While Youth Participatory Action Research (YPAR) is an approach of growing interest in social welfare scholarship, less work has contemplated the transformative potential of child-driven methods and participatory ethics for addressing social and racial inequality. This paper begins to address this gap through a detailed explanation of a YPAR initiative with children in the streets and other contexts of exploitation and violence in Uganda. This YPAR initiative was funded by the Bernard Van Leer and Oak Foundations as the qualitative counterpart of the Violence Against Children Surveys (VACS) led by the Centers for Disease Control (CDC) and the global alliance ‘Together for Girls’ between 2016-2017. The research objective was to ground the national survey findings in the everyday lived experiences of violence perpetrated against children surviving in the most marginalized spaces of Ugandan society.
This qualitative study was conducted within a YPAR framework and consisted of participant observation in key street-connected study sites in Kampala (yielding 35 field diaries by youth researchers), 52 semi-structured interviews, 4 focus groups, and 31 photo-elicitation interviews following auto-photography exercises with three subgroups of children outside of households. These subgroups included street-connected children (40 participants in total), sexually exploited children (19 participants in total) and children subjected to labor exploitation/‘domestic workers’ (34 participants in total). Each method was employed to address the particular context of exploitation and violence within each subgroup. All participant recruitment, data collection, analysis and dissemination activities were led by the youth researchers involved in the project, including four street-connected youth between the ages of 16 – 25 and two university-trained youth researchers who provided training and technical support throughout the research. Data analysis involved both child-led approaches, including manual coding and participatory data analysis workshops, and exploratory and axial coding cycles supported by NVIVO11.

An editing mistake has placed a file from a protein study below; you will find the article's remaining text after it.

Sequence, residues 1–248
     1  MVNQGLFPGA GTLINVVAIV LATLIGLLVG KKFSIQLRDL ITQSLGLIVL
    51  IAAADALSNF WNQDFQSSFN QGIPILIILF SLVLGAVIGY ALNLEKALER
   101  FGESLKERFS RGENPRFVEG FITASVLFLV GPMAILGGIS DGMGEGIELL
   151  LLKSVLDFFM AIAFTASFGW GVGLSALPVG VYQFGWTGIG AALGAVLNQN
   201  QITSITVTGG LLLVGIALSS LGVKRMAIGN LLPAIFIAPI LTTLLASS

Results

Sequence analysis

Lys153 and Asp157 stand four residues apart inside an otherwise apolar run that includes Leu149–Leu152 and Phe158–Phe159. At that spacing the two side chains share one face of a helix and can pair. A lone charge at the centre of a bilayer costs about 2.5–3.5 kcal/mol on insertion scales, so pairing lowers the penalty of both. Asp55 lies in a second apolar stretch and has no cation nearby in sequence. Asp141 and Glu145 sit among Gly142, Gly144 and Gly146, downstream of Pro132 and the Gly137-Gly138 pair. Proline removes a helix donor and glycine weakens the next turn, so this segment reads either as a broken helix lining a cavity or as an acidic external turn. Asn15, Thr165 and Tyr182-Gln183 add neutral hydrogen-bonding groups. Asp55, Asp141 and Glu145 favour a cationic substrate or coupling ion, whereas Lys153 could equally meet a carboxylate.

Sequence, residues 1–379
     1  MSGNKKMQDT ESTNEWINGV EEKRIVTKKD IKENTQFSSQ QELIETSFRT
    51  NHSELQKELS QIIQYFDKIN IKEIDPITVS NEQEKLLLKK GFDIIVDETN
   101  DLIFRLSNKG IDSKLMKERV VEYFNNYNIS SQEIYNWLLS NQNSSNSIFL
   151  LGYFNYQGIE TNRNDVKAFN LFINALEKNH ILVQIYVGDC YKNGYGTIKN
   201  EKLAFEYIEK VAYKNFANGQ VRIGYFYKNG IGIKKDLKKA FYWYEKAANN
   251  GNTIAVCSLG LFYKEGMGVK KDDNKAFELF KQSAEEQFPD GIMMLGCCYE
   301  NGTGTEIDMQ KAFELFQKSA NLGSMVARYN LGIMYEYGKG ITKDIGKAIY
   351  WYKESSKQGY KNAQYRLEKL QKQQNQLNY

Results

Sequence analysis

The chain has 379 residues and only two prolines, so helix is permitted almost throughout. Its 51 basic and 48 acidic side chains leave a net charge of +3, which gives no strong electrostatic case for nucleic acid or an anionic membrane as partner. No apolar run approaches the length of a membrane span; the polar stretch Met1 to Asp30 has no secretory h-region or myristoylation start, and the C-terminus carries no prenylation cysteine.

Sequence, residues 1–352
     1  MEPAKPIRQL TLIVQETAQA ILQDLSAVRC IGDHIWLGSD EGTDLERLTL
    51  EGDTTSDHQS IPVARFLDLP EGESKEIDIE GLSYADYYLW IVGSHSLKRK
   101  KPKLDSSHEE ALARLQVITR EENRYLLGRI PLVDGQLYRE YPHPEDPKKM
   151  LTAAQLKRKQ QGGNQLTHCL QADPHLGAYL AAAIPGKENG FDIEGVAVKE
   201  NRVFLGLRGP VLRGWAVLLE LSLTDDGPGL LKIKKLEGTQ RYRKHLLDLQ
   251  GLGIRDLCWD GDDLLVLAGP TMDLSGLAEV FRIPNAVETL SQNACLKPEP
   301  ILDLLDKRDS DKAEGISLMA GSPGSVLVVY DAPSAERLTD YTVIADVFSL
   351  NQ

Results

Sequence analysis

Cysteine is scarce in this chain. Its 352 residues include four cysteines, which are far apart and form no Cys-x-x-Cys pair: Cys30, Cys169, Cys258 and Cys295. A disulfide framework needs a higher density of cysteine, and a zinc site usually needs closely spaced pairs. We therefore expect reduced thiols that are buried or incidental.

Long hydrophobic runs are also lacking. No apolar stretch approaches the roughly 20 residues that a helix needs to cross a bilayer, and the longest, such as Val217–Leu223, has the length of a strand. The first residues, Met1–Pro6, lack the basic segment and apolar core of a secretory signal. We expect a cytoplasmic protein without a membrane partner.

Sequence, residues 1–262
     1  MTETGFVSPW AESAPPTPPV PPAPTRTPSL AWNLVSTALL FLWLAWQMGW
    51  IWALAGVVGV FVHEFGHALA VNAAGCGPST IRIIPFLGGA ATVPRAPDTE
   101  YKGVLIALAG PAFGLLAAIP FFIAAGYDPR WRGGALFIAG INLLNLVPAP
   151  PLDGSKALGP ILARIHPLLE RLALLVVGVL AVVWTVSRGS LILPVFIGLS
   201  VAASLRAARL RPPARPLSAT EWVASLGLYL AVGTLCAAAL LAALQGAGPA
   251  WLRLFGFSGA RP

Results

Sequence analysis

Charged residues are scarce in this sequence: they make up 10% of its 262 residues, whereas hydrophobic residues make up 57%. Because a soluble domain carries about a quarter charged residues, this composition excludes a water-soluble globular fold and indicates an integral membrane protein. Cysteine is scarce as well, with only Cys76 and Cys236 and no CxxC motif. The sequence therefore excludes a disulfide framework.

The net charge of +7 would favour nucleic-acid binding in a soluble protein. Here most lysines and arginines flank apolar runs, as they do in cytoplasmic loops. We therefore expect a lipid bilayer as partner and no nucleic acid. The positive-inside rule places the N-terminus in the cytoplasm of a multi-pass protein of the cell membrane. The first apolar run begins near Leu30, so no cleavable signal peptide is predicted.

Findings: The results are presented in two main sections exploring first the transformative potential of child-driven methods and second what children flagged as urgent recommendations on VAC for policy makers. The YPAR process documented experiences of violence perpetrated by family members, police officers, city council workers, business owners, street vendors, tourists, bosses, and other individuals in the spaces these children and adolescents occupied. Axial coding in NVIVO11 revealed the following three most frequently mentioned forms of violence across subgroups: physical violence (487 references) followed by psychological violence (479 references) and sexual violence (197 references). Youth researchers generated a series of policy memos presented to key Ugandan policy makers and local child welfare organizations.
Conclusions and Implications:
The paper centers on children's voices and their recommendations for overcoming violence in order to challenge the extractive and adult-centric research practices employed in the implementation of the quantitative VACS in Uganda. We urge social work scholars to create spaces for sustainable YPAR movements, both in academic and policy arenas, and to pursue participatory initiatives that prioritize knowledge produced by children for the improvement of their lives.